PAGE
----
"More personal data lodged and presumably sold on then," he commented.

Vehicle tax was introduced in the 1888 Budget and the system of excise duty applying specifically to motor vehicles was introduced with the Roads Act 1920, with the tax disc appearing the following year.

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Wednesday, 29 January 2014

School Buses Just Like Space Ships, Imagine This For The School Runs In The Inner Cities . . .

Japan Has Buses That Look Like Spaceships . . .

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It looks like the inside of some kind of space shuttle, but it’s actually the Star Fighter bus and you’ll only find it in Japan. It’s part of Willer Travel’s fleet of buses that takes people all around the country, but this one goes on a very specific tour. It takes travelers on a trip from Tokyo’s Shinjuku to Tsukuba Space Center which is like their version of NASA. If someone does this in the US, then I’ll be the first one in line to buy a ticket.

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Monday, 6 January 2014

Airless tyres are coming to your fleet


Airless tyres are coming to your fleet and why that’s a good thing

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Are we set to go back to the early days of motoring with the arrival of tyres that do without air? The airless tyre is set to make a revival thanks to Bridgestone, though they are by no means the first to try to reinvent the wheel, or at least the tyre.

Thankfully, those early horseless carriages and their solid wheels derived from horse-drawn carriages are a long way both historically and technologically from the new crop of air-free tyres.

What Bridgestone is working on, along with a number of other companies, is a tyre that looks and behaves like the ones we’re used to but without the potential to deflate. Bridgestone calls this the Air Free Concept Tyre.

This has a number of benefits, including the safety aspect that an airless tyre cannot burst in the way a standard pneumatic tyre can.

This means no dangerous blow-outs, no changing a wheel on the hard shoulder of a motorway and no need to carry a spare wheel in the first place.
Flat atmosphere

We’ve been here before, and recently, with run-flat tyres, but they are still an inflated tyre with all the attendant problems. The only difference is run-flat tyres have an incredibly stiff sidewall that prevents the carcass from collapsing so the tyre can stay on the rim and allow the driver to guide the car to a safe halt.

As we’ve seen with run-flat tyres, there are other problems with them, notably the appalling ride quality they impose on any car they are fitted to.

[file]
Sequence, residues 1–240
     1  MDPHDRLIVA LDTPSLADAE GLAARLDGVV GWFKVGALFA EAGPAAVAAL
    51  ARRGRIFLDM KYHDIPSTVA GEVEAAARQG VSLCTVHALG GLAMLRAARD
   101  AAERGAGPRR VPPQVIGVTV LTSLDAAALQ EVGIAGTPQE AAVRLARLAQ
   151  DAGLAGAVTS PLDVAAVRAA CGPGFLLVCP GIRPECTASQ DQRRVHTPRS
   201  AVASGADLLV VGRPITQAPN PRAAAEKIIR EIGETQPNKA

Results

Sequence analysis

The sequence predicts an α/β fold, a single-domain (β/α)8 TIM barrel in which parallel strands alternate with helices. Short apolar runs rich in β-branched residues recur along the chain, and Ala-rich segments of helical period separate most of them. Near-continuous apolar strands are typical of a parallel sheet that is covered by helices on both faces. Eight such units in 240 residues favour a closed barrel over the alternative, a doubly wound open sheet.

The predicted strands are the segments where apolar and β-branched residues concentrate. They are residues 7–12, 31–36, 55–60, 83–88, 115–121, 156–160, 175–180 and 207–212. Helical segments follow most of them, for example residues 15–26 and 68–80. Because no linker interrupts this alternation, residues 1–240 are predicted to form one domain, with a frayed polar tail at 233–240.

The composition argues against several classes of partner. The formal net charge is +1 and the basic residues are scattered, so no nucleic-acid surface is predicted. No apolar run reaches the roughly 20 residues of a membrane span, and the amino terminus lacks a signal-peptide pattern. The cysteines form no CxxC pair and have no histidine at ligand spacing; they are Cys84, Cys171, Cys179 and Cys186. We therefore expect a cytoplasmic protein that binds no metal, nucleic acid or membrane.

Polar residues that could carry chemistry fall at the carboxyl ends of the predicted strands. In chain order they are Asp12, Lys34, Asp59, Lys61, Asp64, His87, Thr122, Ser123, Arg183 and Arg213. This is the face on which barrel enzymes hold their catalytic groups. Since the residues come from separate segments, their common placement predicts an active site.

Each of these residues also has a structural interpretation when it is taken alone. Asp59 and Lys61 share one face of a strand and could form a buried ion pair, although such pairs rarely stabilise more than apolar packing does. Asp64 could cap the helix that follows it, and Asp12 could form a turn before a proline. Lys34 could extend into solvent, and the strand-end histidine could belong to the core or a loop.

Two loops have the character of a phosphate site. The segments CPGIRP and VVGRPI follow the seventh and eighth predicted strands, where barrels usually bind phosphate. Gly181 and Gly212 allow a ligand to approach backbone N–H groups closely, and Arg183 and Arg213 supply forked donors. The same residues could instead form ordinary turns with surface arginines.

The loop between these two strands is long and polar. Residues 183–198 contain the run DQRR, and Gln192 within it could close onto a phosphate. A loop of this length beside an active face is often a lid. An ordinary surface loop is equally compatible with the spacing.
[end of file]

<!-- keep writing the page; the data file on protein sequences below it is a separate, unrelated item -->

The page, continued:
Don’t believe me? Try a first generation BMW 1 Series with and without run-flat tyres. The difference is night and day and run-flat tyres ruin what is otherwise a very appealing small hatch with great driving dynamics.

Run-flats have been one of the few major developments in tyre technology the general public has been aware. Ever since Dunlop created the first pneumatic bicycle tyre back in 1888, we’ve been used to much the same look and style of tyre, with only changes from crossply design to radial tyres and some updates in tread pattern and longevity to pique the public interest ever since.

All hot air?

Of course, tyre technology is one of the fastest moving, both literally and technically, areas of automotive design. It is also one of the areas of greatest interest to fleet managers and company drivers when it comes to running costs.

A new set of tyres for a typical company car such as a Ford Focus can easily cost £400. On a car that covers 20,000 miles per annum, that could easily mean £400 per year spent on new rubber.

An airless tyre will not reduce that replacement period with a longer window of safe use for a tyre as that is down to the rubber compound used. This is a balancing act of longevity versus grip, noise, rolling resistance and wet weather ability, which is one of the most challenging pieces of design work in the automotive sector.

What an airless tyre can offer fleets is a way to avoid the cost of a replacement tyre when a pneumatic one is headed for the recycling pile. If there’s no air in the tyre, it cannot deflate or be punctured.

Yes, the rubber outer of an airless tyre can be penetrated and there has to be a judgement on whether that renders the tyre unsafe or not, but this is a simple check of the tread rather than assessing whether or not there is a danger of a blow-out.